Red 'licorice' lacks ingredient of black licorice that makes some people ill

People's Pharmacy

September 15, 2002|By Joe Graedon and Teresa Graedon | Joe Graedon and Teresa Graedon,Special to the Sun

Q. I was alarmed to read that eating licorice can lead to high blood pressure, weakness, fatigue, loss of libido and mineral imbalance. Is this only true of black licorice? I eat a good deal of strawberry licorice. Besides the obvious excess sugar, are there any problems with this product?

A. You have nothing to worry about (except for the calories). The ingredient that can cause so many serious side effects is glycyrrhizin. This is the natural flavor found in black licorice, but it is absent from red "licorice."

An occasional treat rarely causes people any trouble, but those who eat black licorice regularly can experience hormone imbalance and potassium loss. This is especially dangerous for those taking diuretics, prednisone or Lanoxin (digoxin).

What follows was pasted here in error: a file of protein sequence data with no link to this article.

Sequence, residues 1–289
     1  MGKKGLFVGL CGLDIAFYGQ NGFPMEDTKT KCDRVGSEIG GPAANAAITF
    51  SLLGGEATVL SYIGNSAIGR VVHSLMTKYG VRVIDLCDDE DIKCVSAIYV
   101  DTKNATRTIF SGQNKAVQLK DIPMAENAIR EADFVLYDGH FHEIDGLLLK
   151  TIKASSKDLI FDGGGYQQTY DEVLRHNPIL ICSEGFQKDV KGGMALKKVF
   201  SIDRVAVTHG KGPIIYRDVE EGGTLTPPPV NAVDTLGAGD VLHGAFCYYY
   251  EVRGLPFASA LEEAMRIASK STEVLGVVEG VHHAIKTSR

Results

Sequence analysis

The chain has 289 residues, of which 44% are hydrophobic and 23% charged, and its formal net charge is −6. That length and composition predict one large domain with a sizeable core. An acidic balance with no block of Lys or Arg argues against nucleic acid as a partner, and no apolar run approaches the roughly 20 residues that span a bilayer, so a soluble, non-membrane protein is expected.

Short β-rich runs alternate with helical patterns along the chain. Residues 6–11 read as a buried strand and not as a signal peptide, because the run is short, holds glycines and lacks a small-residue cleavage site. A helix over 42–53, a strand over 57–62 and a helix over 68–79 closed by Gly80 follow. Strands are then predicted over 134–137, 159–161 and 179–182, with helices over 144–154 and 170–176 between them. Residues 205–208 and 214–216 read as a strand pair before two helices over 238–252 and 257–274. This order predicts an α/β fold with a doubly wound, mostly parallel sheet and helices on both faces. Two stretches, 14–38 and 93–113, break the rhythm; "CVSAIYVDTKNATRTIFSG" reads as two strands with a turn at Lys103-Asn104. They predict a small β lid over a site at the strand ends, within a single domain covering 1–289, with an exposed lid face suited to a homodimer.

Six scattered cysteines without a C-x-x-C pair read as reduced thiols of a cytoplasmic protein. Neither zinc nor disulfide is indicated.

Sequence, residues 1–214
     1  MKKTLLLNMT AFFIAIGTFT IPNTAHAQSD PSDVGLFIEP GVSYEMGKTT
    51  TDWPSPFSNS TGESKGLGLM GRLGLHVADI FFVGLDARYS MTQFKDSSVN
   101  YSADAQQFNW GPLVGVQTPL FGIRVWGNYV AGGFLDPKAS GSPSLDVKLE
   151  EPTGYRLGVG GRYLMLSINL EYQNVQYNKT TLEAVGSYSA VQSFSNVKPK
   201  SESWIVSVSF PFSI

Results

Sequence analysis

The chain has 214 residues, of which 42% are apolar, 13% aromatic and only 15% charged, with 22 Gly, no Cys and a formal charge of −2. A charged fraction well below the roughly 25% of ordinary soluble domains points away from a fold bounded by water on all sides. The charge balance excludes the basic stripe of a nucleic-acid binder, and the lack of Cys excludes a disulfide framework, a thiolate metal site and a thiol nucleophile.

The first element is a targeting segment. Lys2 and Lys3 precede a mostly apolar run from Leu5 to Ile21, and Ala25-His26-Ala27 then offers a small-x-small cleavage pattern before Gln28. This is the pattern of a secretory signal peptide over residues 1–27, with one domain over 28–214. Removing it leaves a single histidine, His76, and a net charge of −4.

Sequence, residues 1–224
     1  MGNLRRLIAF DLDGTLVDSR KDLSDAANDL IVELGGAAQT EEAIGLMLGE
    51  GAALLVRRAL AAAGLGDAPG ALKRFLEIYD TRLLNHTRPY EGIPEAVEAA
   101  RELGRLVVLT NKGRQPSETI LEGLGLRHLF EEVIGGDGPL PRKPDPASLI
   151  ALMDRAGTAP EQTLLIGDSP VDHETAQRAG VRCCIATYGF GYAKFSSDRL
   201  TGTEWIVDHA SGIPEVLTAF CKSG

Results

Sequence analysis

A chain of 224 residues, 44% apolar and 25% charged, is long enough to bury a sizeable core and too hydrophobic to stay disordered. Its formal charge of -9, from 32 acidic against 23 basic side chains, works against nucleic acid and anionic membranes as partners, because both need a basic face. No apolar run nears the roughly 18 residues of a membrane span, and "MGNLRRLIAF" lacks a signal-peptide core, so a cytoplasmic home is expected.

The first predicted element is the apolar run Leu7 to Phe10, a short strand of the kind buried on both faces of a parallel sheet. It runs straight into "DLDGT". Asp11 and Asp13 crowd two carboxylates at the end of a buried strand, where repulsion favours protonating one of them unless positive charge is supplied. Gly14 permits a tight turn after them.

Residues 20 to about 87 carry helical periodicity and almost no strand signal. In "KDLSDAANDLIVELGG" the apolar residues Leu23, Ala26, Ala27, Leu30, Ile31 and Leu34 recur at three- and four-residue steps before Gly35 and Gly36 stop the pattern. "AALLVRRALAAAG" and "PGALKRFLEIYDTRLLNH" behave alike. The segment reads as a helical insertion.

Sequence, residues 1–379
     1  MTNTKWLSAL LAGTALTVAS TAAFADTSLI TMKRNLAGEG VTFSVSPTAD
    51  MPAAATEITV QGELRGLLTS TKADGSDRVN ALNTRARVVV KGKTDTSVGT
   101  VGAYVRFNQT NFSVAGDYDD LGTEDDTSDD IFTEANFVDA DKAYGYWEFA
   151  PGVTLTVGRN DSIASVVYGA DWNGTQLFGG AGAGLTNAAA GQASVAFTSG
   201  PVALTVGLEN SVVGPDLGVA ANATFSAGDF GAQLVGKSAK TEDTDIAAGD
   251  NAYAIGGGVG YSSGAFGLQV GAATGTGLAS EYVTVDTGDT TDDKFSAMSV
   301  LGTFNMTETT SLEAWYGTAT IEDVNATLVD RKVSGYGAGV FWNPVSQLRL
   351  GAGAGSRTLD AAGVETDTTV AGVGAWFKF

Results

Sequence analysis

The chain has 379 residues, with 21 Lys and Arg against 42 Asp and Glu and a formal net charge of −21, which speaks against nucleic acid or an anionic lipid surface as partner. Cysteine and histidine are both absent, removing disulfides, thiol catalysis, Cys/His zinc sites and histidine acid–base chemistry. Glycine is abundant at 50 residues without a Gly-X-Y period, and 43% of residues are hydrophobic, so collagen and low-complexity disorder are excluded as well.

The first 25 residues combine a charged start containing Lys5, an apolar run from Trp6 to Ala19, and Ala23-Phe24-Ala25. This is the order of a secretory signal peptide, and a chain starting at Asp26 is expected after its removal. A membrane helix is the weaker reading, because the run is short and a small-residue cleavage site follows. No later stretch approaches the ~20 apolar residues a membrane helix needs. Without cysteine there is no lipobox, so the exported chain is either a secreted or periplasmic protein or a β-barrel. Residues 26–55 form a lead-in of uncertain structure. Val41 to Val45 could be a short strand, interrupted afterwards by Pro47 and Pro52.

Q. Can you suggest an herb that can help circulation in the legs?

A. Ginkgo has been used for centuries to improve circulation. Studies have shown that blood flow to legs and arms increases up to 40 percent when people take ginkgo.

Horse chestnut extract is used in Europe to combat varicose veins. It improves the flexibility and tone of these blood vessels and also increases blood flow.

You might also want to look for graduated compression medical hosiery. These stockings can also be helpful for those with circulation problems or varicose veins.

In their column, Joe and Teresa Graedon answer letters from readers. Write to them in care of King Features Syndicate, 888 Seventh Ave., New York, NY 10019, or e-mail them via their Web site,

King Features Syndicate

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